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The Professor and the Madman: A Tale of Murder, Insanity and the Making of the Oxford English Dictionary - Simon Winchester William Shakespeare (1564-1616) had no English dictionary to reference when he wrote his 38 plays, sonnets and poems.

Until Samuel Johnson, an English writer and lexicographer, compiled A Dictionary of the English Language the English speaking people had few concise or friendly dictionaries to refer to for definitions and/or spellings. Johnson’s volume took nine years to complete and was published in 1755 with a total of 42,773 words defined and it weighed about 22 pounds. Johnson’s was the ‘go to’ dictionary until 150 years later when The Oxford English Dictionary (hereinafter referred to as OE) was published in 1928.

In comparison, the OE took 70 years to compile and was published in installments (called fascicles----separate sections of a book) as it was completed. For example, “the first completed volume 1, A-B, “ was finished in 1888 nine years after the project began. When it was republished in its entirety in 1928, it totaled 10 volumes with 414,800 words.

The completion of the project was noticed worldwide with the announcement of the final installment made New Year’s Eve, 1927 in The New York Times with the last word “zyxt, --the second indicative present tense, in local argot, of the very to see---…”-. It was big news in the English speaking world, the completion of the The Oxford English Dictionary. (Note, the final installment, was not yet printed though.)

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Ceylon Women - 1910
Flick@shilanka'spic.photostream

Dr. William Chester Minor
The son of an English missionary family, William Chester Minor, was born in Sri Lanka (then Ceylon). He was a voracious reader who was encouraged to learn as many local languages as possible since his was a traveling missionary family. By age 12 the bright student knew Singhalese, Burmese, some Hindi and Tamil, and some various Chinese dialects. He was well-traveled throughout the Far East and totally integrated into the area.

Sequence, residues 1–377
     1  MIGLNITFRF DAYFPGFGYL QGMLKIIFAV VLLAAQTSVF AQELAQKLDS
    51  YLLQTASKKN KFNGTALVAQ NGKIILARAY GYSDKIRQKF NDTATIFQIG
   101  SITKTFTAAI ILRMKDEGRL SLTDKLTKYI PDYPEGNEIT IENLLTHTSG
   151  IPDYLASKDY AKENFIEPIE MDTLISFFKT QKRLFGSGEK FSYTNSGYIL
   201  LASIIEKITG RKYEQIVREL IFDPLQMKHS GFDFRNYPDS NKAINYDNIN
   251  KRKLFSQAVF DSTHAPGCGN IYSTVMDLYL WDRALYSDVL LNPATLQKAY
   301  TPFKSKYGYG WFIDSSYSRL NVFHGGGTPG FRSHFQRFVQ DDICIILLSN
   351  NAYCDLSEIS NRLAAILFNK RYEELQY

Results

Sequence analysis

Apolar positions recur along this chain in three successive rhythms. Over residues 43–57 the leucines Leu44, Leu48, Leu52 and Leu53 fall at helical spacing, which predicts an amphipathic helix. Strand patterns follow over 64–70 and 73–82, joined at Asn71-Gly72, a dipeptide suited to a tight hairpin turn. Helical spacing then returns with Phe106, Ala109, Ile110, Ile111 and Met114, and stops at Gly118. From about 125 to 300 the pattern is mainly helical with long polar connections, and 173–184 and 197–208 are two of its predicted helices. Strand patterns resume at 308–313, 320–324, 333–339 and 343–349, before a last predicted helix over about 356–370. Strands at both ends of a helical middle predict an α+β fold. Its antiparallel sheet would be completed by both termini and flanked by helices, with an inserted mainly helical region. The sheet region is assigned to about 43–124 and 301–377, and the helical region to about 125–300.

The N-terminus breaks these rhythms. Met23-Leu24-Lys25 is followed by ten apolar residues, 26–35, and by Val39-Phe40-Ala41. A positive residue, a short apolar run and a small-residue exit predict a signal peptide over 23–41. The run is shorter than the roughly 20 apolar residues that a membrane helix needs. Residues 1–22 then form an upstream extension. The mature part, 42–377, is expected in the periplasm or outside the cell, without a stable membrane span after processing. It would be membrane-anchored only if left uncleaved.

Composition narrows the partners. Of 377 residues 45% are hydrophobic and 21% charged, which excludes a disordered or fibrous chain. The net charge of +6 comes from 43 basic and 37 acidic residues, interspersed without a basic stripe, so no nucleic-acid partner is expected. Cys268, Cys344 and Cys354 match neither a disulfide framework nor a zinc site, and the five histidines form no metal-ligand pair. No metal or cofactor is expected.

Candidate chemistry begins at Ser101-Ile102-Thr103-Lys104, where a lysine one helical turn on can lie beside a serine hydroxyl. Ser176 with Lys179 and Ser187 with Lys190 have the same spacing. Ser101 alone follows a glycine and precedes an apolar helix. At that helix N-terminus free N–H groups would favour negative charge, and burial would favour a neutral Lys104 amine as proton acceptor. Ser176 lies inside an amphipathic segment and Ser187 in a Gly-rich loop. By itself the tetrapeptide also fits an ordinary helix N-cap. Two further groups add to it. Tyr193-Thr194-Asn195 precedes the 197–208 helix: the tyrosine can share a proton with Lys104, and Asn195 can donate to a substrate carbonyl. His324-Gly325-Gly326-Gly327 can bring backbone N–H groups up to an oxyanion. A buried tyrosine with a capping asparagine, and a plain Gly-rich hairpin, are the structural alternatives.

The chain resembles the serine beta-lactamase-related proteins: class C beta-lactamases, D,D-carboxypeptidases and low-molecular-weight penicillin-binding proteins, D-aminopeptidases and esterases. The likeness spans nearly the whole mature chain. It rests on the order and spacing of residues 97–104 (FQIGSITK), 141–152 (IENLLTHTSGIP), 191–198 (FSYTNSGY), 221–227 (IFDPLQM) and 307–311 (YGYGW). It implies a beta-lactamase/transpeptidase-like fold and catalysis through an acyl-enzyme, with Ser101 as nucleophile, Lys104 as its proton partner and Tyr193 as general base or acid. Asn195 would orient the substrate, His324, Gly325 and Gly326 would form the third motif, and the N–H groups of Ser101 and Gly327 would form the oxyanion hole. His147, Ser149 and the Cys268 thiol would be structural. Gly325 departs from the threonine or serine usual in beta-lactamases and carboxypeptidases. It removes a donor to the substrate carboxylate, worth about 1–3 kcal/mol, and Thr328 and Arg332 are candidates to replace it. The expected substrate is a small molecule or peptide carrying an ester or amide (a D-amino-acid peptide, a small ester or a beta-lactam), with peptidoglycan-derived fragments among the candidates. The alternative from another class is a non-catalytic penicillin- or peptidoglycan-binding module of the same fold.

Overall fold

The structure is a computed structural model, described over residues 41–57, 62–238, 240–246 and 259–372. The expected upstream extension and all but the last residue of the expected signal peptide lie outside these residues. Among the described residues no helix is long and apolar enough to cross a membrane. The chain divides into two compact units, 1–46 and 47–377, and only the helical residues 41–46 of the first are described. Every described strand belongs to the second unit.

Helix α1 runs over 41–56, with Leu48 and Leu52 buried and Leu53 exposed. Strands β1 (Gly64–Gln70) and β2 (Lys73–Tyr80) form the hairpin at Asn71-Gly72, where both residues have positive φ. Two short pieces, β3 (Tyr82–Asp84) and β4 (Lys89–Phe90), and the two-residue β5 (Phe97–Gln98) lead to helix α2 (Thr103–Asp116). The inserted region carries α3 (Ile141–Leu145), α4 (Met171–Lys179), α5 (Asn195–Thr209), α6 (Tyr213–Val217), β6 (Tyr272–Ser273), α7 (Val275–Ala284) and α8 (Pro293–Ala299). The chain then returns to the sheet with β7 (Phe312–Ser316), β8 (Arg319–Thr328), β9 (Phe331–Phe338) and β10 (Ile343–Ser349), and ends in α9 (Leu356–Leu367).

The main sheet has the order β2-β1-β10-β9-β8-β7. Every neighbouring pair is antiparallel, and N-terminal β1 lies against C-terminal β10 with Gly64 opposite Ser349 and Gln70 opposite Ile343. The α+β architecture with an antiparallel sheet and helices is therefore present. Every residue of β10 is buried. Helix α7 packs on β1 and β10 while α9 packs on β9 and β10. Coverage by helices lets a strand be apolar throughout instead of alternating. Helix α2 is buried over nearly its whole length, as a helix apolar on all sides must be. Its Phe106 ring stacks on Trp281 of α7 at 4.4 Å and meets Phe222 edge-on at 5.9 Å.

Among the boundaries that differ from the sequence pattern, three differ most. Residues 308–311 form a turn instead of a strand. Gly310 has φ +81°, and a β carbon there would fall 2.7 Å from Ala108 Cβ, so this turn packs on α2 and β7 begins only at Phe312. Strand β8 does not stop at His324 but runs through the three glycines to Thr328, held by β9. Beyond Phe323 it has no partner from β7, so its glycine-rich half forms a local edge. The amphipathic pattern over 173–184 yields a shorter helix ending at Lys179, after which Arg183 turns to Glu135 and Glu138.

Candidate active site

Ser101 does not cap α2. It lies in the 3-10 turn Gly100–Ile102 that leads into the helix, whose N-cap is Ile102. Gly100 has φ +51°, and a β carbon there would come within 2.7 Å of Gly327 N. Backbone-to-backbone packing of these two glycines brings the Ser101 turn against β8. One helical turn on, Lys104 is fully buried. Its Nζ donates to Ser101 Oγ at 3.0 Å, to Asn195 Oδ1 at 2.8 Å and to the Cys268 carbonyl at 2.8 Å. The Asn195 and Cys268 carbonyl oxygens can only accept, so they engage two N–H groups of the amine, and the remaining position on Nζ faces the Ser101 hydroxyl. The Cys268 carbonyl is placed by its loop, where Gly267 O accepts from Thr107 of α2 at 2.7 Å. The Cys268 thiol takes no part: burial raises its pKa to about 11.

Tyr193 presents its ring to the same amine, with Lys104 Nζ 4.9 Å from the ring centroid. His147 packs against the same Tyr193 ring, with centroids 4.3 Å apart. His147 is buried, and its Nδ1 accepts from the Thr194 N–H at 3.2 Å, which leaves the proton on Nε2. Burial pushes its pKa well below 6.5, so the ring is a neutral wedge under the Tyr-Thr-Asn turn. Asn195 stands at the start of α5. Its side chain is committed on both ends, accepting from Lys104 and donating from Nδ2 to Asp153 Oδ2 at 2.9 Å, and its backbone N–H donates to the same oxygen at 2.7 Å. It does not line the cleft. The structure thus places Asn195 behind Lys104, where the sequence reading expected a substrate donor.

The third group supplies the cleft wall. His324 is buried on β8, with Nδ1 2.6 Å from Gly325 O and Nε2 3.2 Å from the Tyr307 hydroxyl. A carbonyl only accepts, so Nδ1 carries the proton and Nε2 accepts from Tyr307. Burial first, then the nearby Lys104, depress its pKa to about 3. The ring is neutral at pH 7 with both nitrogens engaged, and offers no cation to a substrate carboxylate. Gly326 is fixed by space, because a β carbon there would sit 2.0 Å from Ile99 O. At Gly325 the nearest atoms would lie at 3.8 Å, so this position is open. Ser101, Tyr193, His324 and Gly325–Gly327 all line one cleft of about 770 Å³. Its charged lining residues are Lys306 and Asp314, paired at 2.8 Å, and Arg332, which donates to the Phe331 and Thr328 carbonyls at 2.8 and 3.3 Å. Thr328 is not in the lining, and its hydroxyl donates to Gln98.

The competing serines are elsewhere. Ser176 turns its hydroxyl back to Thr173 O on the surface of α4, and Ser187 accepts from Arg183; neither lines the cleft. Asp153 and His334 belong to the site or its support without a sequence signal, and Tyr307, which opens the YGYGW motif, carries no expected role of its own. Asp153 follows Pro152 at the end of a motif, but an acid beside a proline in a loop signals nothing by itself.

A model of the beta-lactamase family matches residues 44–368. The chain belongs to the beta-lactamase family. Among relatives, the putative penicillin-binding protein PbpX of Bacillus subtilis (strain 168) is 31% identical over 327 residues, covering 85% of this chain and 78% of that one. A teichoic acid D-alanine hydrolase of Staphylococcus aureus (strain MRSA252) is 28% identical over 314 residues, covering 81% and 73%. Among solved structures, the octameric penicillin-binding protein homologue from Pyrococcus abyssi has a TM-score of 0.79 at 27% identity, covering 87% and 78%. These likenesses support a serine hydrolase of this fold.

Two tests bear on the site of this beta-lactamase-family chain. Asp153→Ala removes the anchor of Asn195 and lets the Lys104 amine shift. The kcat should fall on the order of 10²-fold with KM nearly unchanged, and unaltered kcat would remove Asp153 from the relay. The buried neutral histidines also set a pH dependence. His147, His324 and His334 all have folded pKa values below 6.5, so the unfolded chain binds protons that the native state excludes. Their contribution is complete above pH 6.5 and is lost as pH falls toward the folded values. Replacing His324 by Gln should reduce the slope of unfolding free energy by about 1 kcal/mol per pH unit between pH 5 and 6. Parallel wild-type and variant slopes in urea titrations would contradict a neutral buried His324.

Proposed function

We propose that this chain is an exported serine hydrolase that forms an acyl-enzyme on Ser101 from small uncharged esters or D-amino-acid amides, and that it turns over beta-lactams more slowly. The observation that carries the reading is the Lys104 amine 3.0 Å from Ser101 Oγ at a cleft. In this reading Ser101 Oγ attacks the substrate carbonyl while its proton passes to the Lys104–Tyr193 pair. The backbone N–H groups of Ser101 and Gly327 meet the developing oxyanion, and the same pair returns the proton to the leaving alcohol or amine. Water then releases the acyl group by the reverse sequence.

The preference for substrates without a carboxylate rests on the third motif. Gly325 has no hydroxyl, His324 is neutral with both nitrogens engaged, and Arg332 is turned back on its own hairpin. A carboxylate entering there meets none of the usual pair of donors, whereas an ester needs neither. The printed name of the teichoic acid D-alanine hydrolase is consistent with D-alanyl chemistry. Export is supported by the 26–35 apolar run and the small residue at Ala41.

Take note though, on the beautiful island of Ceylon the nubile young women frolicked mostly naked along the shoreline and he told doctors later that he had “lascivious thoughts” about the young girls early on. It was difficult probably to reconcile his father and step-mother’s strong religious missionary work with naked young women. Then take into account those active hormones bouncing around in his head and body. Oh, my. Poor kid.

Minor had a bright future in front of him being sent to continue his studies in America at the age of 14. He later graduated from Yale as a doctor of medicine and joined the U. S. Army as an officer/surgeon in the Civil War. It’s suggested that some negative experiences in his capacity as a surgeon with the related responsibilities, may have contributed to his mental anguish which turned into full paranoid delusions at the age of 34 when he was allowed to resign from the military and draw a pension for life.

Conflicts as mentioned above were understandably difficult for Dr. Minor to rationalize and it’s suggested that these conflicts may have attributed to his mental anguish which turned into full paranoid delusions. (Disclaimer: I am not qualified to determine what drove Dr. Minor to paranoid delusions.) The delusions though, if anything is good about them, haunted them mostly during the nighttime hours. I’m sure it made sleep a fitful endeavor most of his adult life with nocturnal visitors, sometimes Irish who he was determined were trying to poison him. Others were diluting his bodily fluids as dear Dr Minor had all kinds of crazy thoughts. Insane thoughts, certainly.
But wanting to put his experience in a military ‘insane asylum’ in America behind him, he decided to travel abroad with his first stop London. ( ‘Insane asylums’or ‘lunatic asylums’ were the generally used terms at the time.)

However, had it not been for his psychosis his contribution to the OE may never had happened.

During one period of paranoia, he shot an innocent working man, leaving six children and a grief stricken wife. The result of the death of the innocent man was that Dr. Minor was determined to be insane and placed in the newest ‘lunatic asylum’ in England at the time, Broadmoor just north of London until such time as “…her Majesty’s Pleasure be known.” Meaning, of course, an unspecified period of time.

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Dr. W. C. Minor at Broadmoor

Since Dr. Minor was earlier determined to be insane by the U. S. Army receiving a regular pension, he was wealthier than the average resident of Broadmoor. Dr. Minor was respected by the governor of the institution, and therefore given more privileges including two rooms with book shelves lining entire walls and a paid part-time servant who was a fellow inmate. Due to his lucidity part of the time, he was allowed to obtain books mostly from London and a few friends, the widow of the murdered man, for one would bring him books. The widow forgave him for murdering her husband by the way, and Dr. Minor did contribute through the years to her household expenses.